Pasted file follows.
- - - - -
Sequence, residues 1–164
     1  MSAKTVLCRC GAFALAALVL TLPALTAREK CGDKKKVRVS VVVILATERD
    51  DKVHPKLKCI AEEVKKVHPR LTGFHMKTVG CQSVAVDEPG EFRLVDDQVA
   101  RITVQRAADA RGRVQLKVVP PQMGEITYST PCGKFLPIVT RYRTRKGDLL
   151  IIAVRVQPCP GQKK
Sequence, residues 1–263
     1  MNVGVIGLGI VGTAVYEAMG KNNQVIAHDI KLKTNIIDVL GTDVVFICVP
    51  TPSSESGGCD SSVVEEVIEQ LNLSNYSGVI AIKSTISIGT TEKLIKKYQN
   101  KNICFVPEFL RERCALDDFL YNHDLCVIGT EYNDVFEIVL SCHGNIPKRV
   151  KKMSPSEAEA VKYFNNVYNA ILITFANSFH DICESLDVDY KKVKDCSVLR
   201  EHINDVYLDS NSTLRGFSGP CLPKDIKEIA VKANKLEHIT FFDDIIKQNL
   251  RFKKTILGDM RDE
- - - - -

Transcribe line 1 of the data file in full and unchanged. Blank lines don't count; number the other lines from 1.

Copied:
Sequence, residues 1–164